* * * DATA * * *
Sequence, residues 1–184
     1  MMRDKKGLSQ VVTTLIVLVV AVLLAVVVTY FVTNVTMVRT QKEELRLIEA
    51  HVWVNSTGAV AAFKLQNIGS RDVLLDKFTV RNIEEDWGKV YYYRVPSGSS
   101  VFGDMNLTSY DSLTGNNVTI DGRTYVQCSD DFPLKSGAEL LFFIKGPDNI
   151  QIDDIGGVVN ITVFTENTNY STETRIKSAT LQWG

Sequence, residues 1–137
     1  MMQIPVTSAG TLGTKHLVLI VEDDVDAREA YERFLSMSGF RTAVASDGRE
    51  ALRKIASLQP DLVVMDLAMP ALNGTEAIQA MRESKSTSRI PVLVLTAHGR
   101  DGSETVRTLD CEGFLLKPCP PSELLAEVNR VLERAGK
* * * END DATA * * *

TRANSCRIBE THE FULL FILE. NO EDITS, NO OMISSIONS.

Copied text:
Sequence, residues 1–184
     1  MMRDKKGLSQ VVTTLIVLVV AVLLAVVVTY FVTNVTMVRT QKEELRLIEA
    51  HVWVNSTGAV AAFKLQNIGS RDVLLDKFTV RNIEEDWGKV YYYRVPSGSS
   101  VFGDMNLTSY DSLTGNNVTI DGRTYVQCSD DFPLKSGAEL LFFIKGPDNI
   151  QIDDIGGVVN ITVFTENTNY STETRIKSAT LQWG

Sequence, residues 1–137
     1  MMQIPVTSAG TLGTKHLVLI VEDDVDAREA YERFLSMSGF RTAVASDGRE
    51  ALRKIASLQP DLVVMDLAMP ALNGTEAIQA MRESKSTSRI PVLVLTAHGR
   101  DGSETVRTLD CEGFLLKPCP PSELLAEVNR VLERAGK